SIJS recipients cannot petition for their parents to come to the U.S. This is an important limitation to understand. If you have family members who want to join you in the States, they have to do so via other means such as applying for asylum.

 

This differs from someone who has obtained LPR status via asylum, as they can petition for certain family members. Full U.S. citizens can also petition for family members such as spouses and siblings.

Keeping Your Address Maintained with the USCIS

 

You must keep your address up to date with USCIS. This ensures you receive all important correspondence related to your application. We advise registering an account with the USCIS during your application. This gives you several features, such as tracking your case progress and being able to quickly change your address online.

Maintaining Full Transparency With Your Attorney

 

Always be honest and transparent with your attorney. This helps them provide the best advice and support for your case. If you withhold any information from them, they may not be able to give you full support. 

 

Also, the lawyer may make incorrect decisions or advice because of the info you omitted. Professional immigration attorneys are a trusted source. They are impartial and pass no judgment on individuals applying for asylum or Special Immigrant Juvenile Status – you can trust them with anything.

 

What Legal Assistance and Resources Can You Benefit From?

 

Having legal assistance can make a big difference in your SIJS application. Here’s how to make the most of these resources.

Consulting With an Experienced SIJS Lawyer

 

Consulting with a lawyer who has experience with Special Immigrant Juvenile Status cases is essential. They understand the nuances of the law and can guide you through the process.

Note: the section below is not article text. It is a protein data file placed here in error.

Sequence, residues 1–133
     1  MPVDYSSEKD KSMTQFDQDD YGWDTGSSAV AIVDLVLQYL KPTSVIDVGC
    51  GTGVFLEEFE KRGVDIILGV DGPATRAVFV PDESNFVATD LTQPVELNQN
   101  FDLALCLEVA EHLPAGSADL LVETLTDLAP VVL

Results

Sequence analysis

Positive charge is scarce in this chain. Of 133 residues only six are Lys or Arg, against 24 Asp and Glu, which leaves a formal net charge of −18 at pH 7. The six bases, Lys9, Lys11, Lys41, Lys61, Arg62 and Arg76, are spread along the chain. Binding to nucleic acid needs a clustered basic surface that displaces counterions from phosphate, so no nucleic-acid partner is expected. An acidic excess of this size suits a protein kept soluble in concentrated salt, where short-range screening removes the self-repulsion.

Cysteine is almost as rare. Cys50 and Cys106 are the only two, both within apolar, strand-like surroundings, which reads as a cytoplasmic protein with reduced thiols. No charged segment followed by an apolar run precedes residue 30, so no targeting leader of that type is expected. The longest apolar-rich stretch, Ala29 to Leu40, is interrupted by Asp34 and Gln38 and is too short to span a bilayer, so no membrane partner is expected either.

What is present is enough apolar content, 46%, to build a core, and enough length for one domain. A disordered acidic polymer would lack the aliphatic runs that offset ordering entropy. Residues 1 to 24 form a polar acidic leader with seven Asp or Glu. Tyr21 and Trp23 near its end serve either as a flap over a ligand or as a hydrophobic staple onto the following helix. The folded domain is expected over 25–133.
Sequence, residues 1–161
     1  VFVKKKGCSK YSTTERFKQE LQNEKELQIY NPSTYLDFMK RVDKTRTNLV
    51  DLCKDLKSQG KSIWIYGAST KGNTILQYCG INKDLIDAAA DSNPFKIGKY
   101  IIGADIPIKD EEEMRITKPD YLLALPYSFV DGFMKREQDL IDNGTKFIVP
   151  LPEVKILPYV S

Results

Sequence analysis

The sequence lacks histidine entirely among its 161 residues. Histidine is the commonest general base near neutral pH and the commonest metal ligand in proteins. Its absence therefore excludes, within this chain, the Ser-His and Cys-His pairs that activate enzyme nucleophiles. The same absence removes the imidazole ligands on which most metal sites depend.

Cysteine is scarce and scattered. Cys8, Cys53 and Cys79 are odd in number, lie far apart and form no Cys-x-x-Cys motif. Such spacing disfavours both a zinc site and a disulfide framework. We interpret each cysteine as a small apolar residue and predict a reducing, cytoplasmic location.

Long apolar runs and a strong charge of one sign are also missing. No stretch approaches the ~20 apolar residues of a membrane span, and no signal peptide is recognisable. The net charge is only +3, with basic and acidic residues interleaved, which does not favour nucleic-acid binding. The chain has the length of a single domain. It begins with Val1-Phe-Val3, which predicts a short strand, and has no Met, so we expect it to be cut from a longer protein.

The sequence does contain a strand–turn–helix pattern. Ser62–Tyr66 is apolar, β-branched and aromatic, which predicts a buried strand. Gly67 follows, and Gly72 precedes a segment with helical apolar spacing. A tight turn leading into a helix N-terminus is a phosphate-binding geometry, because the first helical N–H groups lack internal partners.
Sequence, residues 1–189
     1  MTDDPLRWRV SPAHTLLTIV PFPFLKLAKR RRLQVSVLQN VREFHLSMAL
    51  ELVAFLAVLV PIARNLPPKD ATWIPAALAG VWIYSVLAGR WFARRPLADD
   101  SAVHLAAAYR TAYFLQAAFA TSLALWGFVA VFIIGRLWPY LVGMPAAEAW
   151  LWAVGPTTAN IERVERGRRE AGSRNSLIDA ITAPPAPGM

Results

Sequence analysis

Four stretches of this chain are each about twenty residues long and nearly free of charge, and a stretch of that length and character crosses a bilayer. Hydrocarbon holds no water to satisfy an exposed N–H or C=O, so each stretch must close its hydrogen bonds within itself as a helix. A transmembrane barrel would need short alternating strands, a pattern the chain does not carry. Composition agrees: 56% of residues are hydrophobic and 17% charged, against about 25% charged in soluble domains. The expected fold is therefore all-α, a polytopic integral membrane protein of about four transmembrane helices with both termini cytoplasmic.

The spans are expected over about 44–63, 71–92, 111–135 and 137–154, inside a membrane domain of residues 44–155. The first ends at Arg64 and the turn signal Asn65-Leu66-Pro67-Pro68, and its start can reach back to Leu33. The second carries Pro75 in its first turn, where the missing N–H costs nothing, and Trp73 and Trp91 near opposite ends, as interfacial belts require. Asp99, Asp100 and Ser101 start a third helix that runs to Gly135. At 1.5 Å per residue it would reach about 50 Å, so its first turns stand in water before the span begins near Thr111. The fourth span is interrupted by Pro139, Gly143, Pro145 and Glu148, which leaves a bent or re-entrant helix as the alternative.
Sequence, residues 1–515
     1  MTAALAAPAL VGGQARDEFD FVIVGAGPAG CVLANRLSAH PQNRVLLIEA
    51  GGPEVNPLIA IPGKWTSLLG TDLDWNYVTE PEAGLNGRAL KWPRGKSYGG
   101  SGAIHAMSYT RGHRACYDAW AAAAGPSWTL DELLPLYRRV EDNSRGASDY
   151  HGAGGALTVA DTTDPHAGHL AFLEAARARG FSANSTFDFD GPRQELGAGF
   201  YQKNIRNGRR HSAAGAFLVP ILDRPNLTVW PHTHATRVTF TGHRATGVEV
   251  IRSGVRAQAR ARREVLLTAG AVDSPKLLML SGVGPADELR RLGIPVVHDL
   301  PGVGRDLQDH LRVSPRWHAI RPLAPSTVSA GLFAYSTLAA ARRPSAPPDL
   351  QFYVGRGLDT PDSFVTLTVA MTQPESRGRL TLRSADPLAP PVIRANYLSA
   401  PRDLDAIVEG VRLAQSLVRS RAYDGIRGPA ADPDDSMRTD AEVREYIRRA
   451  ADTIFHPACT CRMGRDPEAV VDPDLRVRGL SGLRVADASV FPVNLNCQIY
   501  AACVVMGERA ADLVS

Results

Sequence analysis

This differs from a standard lawyer, who, while still being experienced, may lack in-depth knowledge of specific immigration processes like SIJS.

What a Lawyer Can Do During Your Application

 

A lawyer can help gather necessary documentation, represent you in court, and ensure that your application is correctly filled out and filed. They are with you at each stage of the process and can offer the following services:

 

  • Discuss your eligibility and make sure you have a clear case for SIJS.
  • Determine the best course of action and help you build a credible immigration plan.
  • Guide you through the juvenile court process, including obtaining SIJ findings.
  • Assistance completing Form I-360 and I-485.
  • Help complete any additional requests from the USCIS.
  • Legal representation during any interviews or hearings if necessary.

How to Choose a Suitable Immigration Lawyer

 

Choose a lawyer with a good track record in SIJS cases. Look for someone who communicates clearly and makes you feel comfortable. You should speak to their previous clients if possible to learn what their experience was like and if the legal representative was reliable and thorough.

SIJS Offers Vital Protection For Vulnerable Minors Entering the US

 

Special Immigrant Juvenile Status provides a crucial lifeline for young people who have faced hardship. Understanding how to navigate the application process, work authorization, and the benefits of the SL6 Green Card is essential. 

 

Legal guidance can greatly assist in making this journey smoother and more successful. If you have any questions or want to start your SIJS journey, please don’t hesitate to contact us – we are at your service.

FAQs

Can I work if I have SIJS?

 

Yes, you can apply for a work permit after filing your Form I-485. However, if you have been granted SIJS but no Green Cards are currently available because of the Visa backlog, you would need to apply for deferred action before applying for an EAD.

Can I travel with SIJS?

 

Traveling outside the U.S. while your application is pending is generally not advised, as it can affect your SIJS status. However, once you have your status approved and have your SL6 Green Card, you can travel freely with the proper authorization and reentry documents.

Can I bring family members to the U.S. under SIJS?

 

No, SIJS does not allow you to petition for your parents or other family members. They would need to apply for asylum via other means, such as Form I-589. This is one of the drawbacks of SIJS compared to asylum, as asylum seekers with LPR status can petition for certain family members.

What is the SL6 Green Card?

 

The SL6 Green Card is a special category of green cards issued to SIJS recipients, granting them permanent residency in the U.S. It essentially operates the same as a standard Green Card issued for asylum seekers. One of the key differences is the inability to petition for family members to join you though.